Pregnancy After 35 – Risks and Precautions

Pregnancy After 35 – Risks and Precautions

Understand the risks and necessary precautions for pregnancy after 35, offering guidance for a healthy and safe journey.

People over 35 have a slightly higher risk of pregnancy complications such as high blood pressure, gestational diabetes and chromosomal conditions. Nonetheless, most people who conceive after 35 go on to deliver healthy babies.

Many women want to be fully informed when they are pregnant. However, they also may find that the information they receive can be overwhelming.

1. High Blood Pressure

When women become pregnant at age 35 and older, their risk for medical problems increases. These include high blood pressure, gestational diabetes (which occurs only during pregnancy), and a greater chance of having a baby with chromosomal conditions, like Down syndrome.

However, these risks exist on a continuum, and the number 35 isn’t a magic cut-off point. In fact, many women who become pregnant after 35 have healthy pregnancies and babies. They just need extra monitoring based on their pre-existing health conditions. This would include more ultrasounds, and tests to check for heart disease or gestational diabetes.

2. Diabetes

Diabetes, especially prediabetes, can increase your risk for complications in pregnancy. Your doctor can help you control your blood sugar level before pregnancy to prevent this from happening.

Your chances of having a miscarriage increase as you age. This is because older eggs have a higher chance of dividing unequally, leading to chromosomal abnormalities. These include Down syndrome.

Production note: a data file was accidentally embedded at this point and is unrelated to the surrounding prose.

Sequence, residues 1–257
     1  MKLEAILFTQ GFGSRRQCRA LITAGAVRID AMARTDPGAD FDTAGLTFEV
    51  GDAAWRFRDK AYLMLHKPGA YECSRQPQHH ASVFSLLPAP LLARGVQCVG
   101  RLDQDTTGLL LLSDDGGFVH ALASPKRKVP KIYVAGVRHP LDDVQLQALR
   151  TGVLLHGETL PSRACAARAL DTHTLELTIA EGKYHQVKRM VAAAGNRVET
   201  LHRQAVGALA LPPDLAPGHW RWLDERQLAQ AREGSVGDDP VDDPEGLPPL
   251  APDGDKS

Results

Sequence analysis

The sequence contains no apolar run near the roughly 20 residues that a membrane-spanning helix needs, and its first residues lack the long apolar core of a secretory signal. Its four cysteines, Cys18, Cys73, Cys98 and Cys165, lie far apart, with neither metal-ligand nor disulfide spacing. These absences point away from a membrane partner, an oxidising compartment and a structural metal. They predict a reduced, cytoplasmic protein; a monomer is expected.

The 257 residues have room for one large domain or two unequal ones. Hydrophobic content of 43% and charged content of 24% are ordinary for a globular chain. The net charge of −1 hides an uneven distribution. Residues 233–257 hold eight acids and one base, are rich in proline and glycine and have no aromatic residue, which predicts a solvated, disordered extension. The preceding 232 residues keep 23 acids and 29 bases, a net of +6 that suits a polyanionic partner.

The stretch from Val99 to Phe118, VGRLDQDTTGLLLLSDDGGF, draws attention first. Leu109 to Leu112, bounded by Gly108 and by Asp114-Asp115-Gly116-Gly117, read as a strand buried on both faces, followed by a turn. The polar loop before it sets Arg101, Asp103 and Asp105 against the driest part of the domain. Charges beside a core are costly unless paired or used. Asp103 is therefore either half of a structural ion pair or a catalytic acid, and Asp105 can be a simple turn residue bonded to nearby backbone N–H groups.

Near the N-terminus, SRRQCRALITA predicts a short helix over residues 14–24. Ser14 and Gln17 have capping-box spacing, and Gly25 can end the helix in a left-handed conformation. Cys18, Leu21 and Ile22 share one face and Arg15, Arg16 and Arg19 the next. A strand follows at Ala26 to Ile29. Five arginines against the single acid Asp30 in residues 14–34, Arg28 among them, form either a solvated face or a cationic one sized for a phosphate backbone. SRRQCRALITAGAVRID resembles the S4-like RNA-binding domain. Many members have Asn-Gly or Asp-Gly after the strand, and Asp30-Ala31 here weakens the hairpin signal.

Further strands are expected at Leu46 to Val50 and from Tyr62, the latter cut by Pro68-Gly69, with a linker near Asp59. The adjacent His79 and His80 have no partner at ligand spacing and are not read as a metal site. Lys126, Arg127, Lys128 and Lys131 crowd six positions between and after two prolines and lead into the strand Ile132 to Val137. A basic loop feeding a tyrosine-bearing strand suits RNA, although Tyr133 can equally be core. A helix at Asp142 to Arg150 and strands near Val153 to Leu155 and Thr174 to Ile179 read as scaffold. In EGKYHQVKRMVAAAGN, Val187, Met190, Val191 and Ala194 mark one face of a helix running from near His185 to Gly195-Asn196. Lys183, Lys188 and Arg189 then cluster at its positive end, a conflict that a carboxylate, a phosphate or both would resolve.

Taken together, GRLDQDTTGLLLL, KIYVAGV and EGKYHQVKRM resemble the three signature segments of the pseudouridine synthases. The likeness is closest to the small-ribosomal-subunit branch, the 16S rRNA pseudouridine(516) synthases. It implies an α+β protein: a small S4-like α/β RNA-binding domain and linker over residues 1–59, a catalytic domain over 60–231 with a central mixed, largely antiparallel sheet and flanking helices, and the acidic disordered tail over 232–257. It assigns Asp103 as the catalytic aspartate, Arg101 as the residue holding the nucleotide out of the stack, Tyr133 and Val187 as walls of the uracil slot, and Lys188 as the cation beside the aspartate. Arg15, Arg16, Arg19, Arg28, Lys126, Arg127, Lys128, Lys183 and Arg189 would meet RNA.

3. High Cholesterol

Pregnancy after 35 isn’t unheard of, and most people have healthy babies. But getting pregnant at a later age does come with a higher risk for complications like high blood pressure, gestational diabetes and chromosomal abnormalities.

Women over 35 are also more likely to have other medical conditions that can affect pregnancy outcomes, like obesity, high blood pressure and decreased cardiovascular reserve. If you and your doctor work together to manage these conditions, most pregnancies are healthy. The number of babies born to people over 35 is rising.

4. Obesity

People who have their first child at or after age 35 tend to have smaller families. They also have more financial stability, education level and experience with parenting.

Despite the risks of pregnancy after 35, most women go on to deliver healthy babies. The risk of complications increases as women get older because of the likelihood of having underlying health problems, such as heart disease and high blood pressure. Women over 35 are also more likely to have chromosomal abnormalities in their baby. These conditions are known as teratogenic.

5. Cardiovascular Disease

Women over 35 can have healthy pregnancies and deliver healthy babies. However, it is important to understand the risks associated with advanced maternal age.

As a woman ages, her eggs decline in quality. This increases the risk of chromosomal conditions like Down syndrome and other genetic disorders in her baby. It also increases the risk of complications such as premature birth and low birth weight. This is why it’s essential for women to get proper care throughout their pregnancy.